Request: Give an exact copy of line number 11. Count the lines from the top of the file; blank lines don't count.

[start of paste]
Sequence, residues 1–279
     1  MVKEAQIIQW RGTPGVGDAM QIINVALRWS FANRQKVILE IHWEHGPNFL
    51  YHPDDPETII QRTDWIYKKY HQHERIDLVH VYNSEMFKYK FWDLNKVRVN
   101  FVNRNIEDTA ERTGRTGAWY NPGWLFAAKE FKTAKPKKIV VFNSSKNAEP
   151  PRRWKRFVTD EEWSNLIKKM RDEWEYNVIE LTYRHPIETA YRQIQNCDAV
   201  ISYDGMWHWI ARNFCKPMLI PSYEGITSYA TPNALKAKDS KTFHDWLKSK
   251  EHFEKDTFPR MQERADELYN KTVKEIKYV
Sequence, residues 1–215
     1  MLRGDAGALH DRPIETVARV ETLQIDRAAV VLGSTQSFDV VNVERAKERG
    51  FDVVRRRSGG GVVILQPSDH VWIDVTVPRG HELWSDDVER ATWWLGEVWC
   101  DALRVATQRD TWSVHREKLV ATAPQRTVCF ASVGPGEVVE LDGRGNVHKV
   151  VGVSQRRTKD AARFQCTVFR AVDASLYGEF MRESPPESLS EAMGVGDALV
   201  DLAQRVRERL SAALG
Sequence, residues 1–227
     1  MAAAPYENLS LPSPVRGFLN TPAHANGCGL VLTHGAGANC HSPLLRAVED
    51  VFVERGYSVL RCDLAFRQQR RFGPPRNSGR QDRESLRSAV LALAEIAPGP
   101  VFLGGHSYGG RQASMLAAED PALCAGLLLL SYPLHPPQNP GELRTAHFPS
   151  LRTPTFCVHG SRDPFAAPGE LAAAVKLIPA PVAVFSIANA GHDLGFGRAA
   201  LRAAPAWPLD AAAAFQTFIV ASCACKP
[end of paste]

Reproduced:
   101  DALRVATQRD TWSVHREKLV ATAPQRTVCF ASVGPGEVVE LDGRGNVHKV